Hawke’s Bay historian Michael Fowler
THE day of the announcement that the Napier-to-Gisborne railway was to be abandoned by KiwiRail, I was driving to Gisborne.
It was a reflective journey. I was aware of the engineering effort required to build the line, and the decades of frustration, abandonments, political infighting and the lives lost. The history is long and complex.
When a Royal Commission was set up in 1880 to look at proposed railway routes throughout New Zealand, a Napier-to-Gisborne line was not recommended due to the rough terrain and limited opportunities for the Crown-owned land nearby.
Some momentum began in 1897 when an East Coast Railway League was formed, and branches in Gisborne, Wairoa and Napier began to push the government for an East Coast railway.
Gisborne, however, preferred a route to Auckland via Rotorua — to send its freight to a bigger market — and could see no purpose for a rail link to Wairoa. Napier was not overly keen itself on a line to Gisborne, fearing a loss of tourists to that region via rail. Wairoa desperately wanted a rail connection with Napier.
When Gisborne made it very clear in 1898 they preferred a rail link to Rotorua — putting the Napier line at risk — Wairoa threatened to withdraw its support from the East Coast Railway League. This was apparently enough to sway the government towards a Napier-to-Gisborne line, as The Poverty Bay Herald reported in June 1898: “The government has acceded to the clamor of a handful of people in Wairoa.”
Finally, in 1910, an Act was passed to give authorisation to build a railway from Napier to Gisborne (but opposition still existed). Two years later, on January 29, 1912, prime minister Sir Joseph Ward turned the first sod at Napier for the rail link to Wairoa. Construction on the Wairoa-to-Gisborne line began in 1919.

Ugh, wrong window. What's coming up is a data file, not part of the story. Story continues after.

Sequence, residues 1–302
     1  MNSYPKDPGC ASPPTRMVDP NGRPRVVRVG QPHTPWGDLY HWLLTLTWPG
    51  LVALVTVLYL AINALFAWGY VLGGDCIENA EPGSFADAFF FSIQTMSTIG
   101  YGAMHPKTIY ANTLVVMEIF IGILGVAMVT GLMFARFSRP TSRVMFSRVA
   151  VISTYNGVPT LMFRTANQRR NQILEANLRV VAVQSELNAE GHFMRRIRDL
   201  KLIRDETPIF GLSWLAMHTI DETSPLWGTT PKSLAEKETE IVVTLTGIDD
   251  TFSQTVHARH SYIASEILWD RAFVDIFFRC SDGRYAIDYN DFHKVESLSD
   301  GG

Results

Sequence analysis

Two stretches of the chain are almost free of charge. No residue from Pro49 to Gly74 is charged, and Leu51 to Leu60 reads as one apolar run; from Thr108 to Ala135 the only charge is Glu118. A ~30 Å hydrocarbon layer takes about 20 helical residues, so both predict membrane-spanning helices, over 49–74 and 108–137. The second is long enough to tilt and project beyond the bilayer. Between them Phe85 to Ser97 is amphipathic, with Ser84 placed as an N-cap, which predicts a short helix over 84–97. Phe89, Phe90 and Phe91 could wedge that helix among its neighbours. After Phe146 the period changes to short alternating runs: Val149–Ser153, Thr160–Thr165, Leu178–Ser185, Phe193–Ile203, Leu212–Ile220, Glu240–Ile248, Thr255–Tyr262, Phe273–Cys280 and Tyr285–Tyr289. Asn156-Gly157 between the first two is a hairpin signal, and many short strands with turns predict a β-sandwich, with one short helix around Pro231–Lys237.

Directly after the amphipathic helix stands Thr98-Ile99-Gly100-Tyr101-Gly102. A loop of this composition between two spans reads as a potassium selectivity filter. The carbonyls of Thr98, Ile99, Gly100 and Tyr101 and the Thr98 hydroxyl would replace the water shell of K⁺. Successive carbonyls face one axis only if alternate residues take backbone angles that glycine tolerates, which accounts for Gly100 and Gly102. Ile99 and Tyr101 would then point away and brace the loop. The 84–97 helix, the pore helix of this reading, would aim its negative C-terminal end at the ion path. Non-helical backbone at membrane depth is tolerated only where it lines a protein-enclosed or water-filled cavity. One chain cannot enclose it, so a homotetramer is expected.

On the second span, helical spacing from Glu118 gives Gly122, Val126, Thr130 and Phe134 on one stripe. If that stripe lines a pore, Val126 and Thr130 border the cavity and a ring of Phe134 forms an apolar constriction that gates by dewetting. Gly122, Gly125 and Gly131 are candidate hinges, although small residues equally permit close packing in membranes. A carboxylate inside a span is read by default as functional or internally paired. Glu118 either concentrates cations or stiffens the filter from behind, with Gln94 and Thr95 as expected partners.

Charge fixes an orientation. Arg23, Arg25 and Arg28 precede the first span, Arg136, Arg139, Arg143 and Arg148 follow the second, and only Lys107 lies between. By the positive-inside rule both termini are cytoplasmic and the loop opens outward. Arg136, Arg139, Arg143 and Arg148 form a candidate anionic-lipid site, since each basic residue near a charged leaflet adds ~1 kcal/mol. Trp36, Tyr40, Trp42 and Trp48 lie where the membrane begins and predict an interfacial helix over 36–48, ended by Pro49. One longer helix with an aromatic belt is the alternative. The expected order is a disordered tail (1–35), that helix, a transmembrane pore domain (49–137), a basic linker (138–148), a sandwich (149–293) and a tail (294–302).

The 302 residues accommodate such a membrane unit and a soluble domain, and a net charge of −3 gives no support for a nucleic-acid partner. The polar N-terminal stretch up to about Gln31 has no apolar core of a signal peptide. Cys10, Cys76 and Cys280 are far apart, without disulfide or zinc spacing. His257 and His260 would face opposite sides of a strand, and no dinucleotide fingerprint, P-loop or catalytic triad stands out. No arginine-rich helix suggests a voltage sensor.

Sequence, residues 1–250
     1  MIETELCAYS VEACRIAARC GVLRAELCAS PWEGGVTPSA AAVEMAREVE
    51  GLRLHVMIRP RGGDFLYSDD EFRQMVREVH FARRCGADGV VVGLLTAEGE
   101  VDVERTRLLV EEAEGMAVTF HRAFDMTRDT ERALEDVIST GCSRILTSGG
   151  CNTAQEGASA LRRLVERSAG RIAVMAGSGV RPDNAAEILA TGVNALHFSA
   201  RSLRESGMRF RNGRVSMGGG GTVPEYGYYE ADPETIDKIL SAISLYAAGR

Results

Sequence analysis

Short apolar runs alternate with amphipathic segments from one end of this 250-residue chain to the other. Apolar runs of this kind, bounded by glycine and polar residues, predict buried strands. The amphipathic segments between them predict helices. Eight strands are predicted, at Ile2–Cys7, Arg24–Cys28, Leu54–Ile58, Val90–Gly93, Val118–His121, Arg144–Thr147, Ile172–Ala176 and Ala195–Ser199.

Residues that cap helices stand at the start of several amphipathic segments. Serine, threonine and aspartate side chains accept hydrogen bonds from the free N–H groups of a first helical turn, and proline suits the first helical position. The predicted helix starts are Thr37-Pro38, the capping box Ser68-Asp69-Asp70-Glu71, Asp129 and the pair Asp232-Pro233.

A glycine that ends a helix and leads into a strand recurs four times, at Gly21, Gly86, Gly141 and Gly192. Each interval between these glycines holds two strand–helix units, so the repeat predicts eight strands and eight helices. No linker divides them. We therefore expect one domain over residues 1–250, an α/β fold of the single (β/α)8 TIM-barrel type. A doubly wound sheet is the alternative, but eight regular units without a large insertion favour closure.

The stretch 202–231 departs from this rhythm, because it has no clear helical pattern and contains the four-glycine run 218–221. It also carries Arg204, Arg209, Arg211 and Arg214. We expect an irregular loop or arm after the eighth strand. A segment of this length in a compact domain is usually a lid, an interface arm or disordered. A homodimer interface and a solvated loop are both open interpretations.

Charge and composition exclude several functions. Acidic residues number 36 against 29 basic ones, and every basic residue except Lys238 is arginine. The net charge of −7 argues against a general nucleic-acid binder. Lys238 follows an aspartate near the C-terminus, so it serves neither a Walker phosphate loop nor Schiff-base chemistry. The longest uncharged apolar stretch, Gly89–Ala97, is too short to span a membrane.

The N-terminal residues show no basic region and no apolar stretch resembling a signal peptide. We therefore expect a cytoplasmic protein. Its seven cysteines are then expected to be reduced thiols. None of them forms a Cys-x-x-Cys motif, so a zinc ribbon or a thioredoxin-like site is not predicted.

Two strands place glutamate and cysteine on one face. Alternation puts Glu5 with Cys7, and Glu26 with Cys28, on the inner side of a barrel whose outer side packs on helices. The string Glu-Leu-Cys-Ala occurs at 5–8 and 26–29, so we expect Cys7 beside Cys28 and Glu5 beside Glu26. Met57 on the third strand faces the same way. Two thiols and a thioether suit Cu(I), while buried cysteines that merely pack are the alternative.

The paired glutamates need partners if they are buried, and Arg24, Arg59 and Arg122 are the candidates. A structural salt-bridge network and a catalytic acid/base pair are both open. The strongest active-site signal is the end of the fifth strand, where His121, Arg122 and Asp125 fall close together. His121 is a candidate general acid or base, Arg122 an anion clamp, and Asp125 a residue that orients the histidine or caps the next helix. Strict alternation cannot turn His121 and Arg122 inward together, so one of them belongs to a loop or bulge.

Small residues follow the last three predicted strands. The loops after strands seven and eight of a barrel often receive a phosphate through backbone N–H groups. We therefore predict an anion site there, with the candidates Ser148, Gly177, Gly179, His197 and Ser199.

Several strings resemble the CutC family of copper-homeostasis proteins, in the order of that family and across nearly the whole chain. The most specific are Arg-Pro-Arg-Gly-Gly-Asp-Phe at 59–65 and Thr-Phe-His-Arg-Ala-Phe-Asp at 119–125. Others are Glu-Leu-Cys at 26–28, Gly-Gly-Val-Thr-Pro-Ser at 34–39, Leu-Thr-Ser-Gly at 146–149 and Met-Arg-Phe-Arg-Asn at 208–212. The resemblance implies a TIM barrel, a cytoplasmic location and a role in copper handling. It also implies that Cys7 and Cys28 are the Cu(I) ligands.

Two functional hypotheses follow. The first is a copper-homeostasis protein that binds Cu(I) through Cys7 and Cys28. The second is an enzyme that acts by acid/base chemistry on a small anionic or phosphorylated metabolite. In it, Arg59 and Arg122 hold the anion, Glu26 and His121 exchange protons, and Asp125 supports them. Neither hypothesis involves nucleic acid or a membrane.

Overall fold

By 1930, after years of delays, the Napier-to-Gisborne railway had only the Mohaka Viaduct to be completed, which would be 276 metres long and 97m above the Mohaka River, and some 36kms of line from Gisborne. However, a Railways Board set up by the Forbes government in 1930 decided the Napier-to-Gisborne line would not pay “for axle grease”, and in January 1931 was ordered to stop and the line was abandoned. Over 1700 tonnes (1.55 million kgs) of steel had already been delivered for the Mohaka Viaduct. The Labour Party promised it would finish the line if elected in 1935 — and it did just that, with work recommencing on the line in 1936. On July 1, 1937 the viaduct was completed, and the Napier-to-Wairoa line opened one month later for goods trains.
Disaster struck at night on February 20, 1938 when a flash flood at Kopuawhara swept away the single men’s quarters of No 4 camp, one of the work camps along the route of the Wairoa-to-Gisborne line. Twenty men and one woman, a waitress in the cookhouse, lost their lives.
In August 1942, 30 years after Sir Joseph turned the first sod at Napier, goods trains could make the journey from Napier right through to Gisborne. Passenger traffic commenced on the line in September 1942 (passenger trains went to Wairoa from Napier in 1939).
Slips, such as the one which occurred at Wharerata in March 2012, were not uncommon on the line. The Waikokopu slip in 1955 caused the line to be closed for 10 days, and in 1957 a million tonnes of debris took out a section of 274 metres, requiring four weeks of 24-hour clearance by 19 bulldozers and 70 men.
Commercial passenger traffic stopped on the line after Cyclone Bola in 1988 — and now goods traffic, for what it appears, has stopped forever.